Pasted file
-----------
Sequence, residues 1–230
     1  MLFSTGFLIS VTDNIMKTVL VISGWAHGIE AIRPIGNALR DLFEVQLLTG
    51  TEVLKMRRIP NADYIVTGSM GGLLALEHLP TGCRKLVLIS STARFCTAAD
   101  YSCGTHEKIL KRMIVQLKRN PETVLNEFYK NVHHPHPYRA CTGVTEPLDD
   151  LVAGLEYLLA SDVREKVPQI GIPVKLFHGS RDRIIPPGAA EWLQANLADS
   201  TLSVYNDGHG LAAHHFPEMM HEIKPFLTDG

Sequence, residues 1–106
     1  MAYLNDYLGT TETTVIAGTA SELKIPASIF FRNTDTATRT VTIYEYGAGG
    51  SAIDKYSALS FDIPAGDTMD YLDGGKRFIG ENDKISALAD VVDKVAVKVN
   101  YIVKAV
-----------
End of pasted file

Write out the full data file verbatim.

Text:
Sequence, residues 1–230
     1  MLFSTGFLIS VTDNIMKTVL VISGWAHGIE AIRPIGNALR DLFEVQLLTG
    51  TEVLKMRRIP NADYIVTGSM GGLLALEHLP TGCRKLVLIS STARFCTAAD
   101  YSCGTHEKIL KRMIVQLKRN PETVLNEFYK NVHHPHPYRA CTGVTEPLDD
   151  LVAGLEYLLA SDVREKVPQI GIPVKLFHGS RDRIIPPGAA EWLQANLADS
   201  TLSVYNDGHG LAAHHFPEMM HEIKPFLTDG

Sequence, residues 1–106
     1  MAYLNDYLGT TETTVIAGTA SELKIPASIF FRNTDTATRT VTIYEYGAGG
    51  SAIDKYSALS FDIPAGDTMD YLDGGKRFIG ENDKISALAD VVDKVAVKVN
   101  YIVKAV